Australia v England, 1st ODI, Melbourne January 12, 2014

Warner's reprieve was 'wrong' - Cook


Alastair Cook called the decision to reprieve David Warner from a caught behind decision "wrong" after England began the one-day series with a heavy defeat at the MCG but he is not convinced that returning to a time when a fielder's word was taken is the way forward.

Warner was on 22 when he tried to steer Ben Stokes down to third man and top edged towards the wicketkeeper Jos Buttler who claimed the catch low to the ground.

Warner was happy to take Buttler's word on whether it carried, but the umpire convened to check the replays, which appeared on the big screen as Warner approached the boundary, where he was told to stay inside the playing area by the fourth official.

As so often with those types of replays, the two-dimensional image created enough doubt in the third umpire's mind for him to not give the catch although that was not how Cook felt it should have ended.

"It might have been my biased eyes, my English eyes, but I thought it was a clean catch - hit his fingers and bounced up - but I only saw it a couple of times on the big screen," he said. "I thought it was the wrong decision but you have to respect the umpires' decision otherwise you get in trouble."

On the field, all the players reacted calmly to the situation and Warner gave Buttler a supportive pat on the back as he returned to the crease. It is easy for the fielder to be made out to be the villain but for most of the ex-cricketers at the ground it was one of those they were convinced was caught cleanly.

Cook, though, believes TV replays still need to be used. "If a player does claim and it clearly shows it wasn't a catch then it's a tough one and looks foolish on the technology. David thought it had carried as well as he was quite happy to walk off. It's strange because a lot of those look worse on TV than real life. But that one, I didn't see it hit the ground."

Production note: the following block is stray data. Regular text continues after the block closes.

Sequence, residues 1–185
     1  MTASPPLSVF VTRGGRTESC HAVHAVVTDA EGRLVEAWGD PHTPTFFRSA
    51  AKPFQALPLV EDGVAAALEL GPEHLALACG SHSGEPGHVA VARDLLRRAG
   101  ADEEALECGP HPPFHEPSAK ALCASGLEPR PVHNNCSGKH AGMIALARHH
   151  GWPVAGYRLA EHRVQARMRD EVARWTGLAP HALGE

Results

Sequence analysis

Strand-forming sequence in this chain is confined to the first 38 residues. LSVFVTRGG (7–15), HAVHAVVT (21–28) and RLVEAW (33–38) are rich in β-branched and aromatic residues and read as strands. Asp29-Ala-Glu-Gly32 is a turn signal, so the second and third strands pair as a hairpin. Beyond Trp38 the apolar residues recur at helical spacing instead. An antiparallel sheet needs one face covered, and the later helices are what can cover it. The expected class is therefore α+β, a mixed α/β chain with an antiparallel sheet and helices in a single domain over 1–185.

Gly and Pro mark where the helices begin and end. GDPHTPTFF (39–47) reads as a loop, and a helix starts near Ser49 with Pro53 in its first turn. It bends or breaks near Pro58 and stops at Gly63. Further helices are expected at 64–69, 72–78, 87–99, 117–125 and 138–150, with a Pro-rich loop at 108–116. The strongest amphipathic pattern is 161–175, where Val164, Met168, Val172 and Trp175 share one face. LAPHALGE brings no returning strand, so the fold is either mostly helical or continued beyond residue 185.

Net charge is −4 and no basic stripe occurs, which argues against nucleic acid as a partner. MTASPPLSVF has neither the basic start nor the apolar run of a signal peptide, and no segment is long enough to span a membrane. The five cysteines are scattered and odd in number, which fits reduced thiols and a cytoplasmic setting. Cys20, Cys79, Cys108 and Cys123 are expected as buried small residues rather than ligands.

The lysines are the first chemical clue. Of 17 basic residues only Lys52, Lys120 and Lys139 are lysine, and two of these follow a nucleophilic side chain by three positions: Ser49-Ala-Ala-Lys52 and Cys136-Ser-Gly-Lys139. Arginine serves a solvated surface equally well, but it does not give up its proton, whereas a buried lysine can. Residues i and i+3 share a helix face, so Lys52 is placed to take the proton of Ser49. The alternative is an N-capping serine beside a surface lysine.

While the umpires' decision was out of England's hands, they could have avoided some self-inflicted errors especially the life given to Aaron Finch on 8 when Gary Ballance dropped a simple chance at mid-off. Cook admitted it was the continuation of a worrying trend in the team, coupled as it was with numerous fumbles in the outfield.

"It is something we are aware of we. We haven't fielded to the standard we are capable of on this tour. Fielding comes down to two things; wanting the ball to come to you and hard work. We are not bad fielders. For the last three or months - actually it's been longer than that - we are dropping too many chances and we are aware of that. We can't keep gifting simple chances away."

To add to Cook's woes, he had another brief stay in the middle, falling in the first over of the match when he edged Clint McKay, and admitted he needs to return to making significant contributions. He said he felt as good as he had at any time in the tour during his morning net, although conceded form there means "bugger all" if it doesn't bring runs.

Another defeat will be followed by another flight, this time to Canberra to face the Prime Minister's XI on Tuesday before England head to Brisbane for Friday's ODI, with an upturn in England's fortunes seemingly no nearer.

"We just need to somehow stop the rot and it's amazing how quickly it can turn around," he said. "We saw some good things today but at the crucial moments couldn't take our chances."

Andrew McGlashan is an assistant editor at ESPNcricinfo

Comments have now been closed for this article

  • Steve on January 15, 2014, 10:53 GMT

    @Doogius......maybe we look at another rule, that of desent. Wouldn't it be desent if a batsman walked when the unpires (all three) have deemed him not out? Did Gilchrist question the umpire's decision when he walked after being given not out? Seriously though, Warner showed good form by asking for Buttler's opinion and walking, Buttler I will give the benefit of the doubt albeit I think even he had doubt and I really think the umpire did OK to refer it. In the end it was the correct result and realistically if it takes just a little time and drama to get to the correct result then so be it. Better that, than the media hanging Buttler for appearing to cheat.

    P.S. Jones realistically should have been not out as he was given run out however he was not attempting a run. Now the umpires would have called dead ball under one of the below rules. That was a genuine mistake

  • Shane on January 15, 2014, 10:14 GMT

    @thegimp. Jones dismissal was due to him being runout after walking after being bowled off a no ball. Bit different to this. The rest, I disagree, if you walk, you thought it was out. End of wicket. Maybe I'm too old school...

  • Steve on January 15, 2014, 9:10 GMT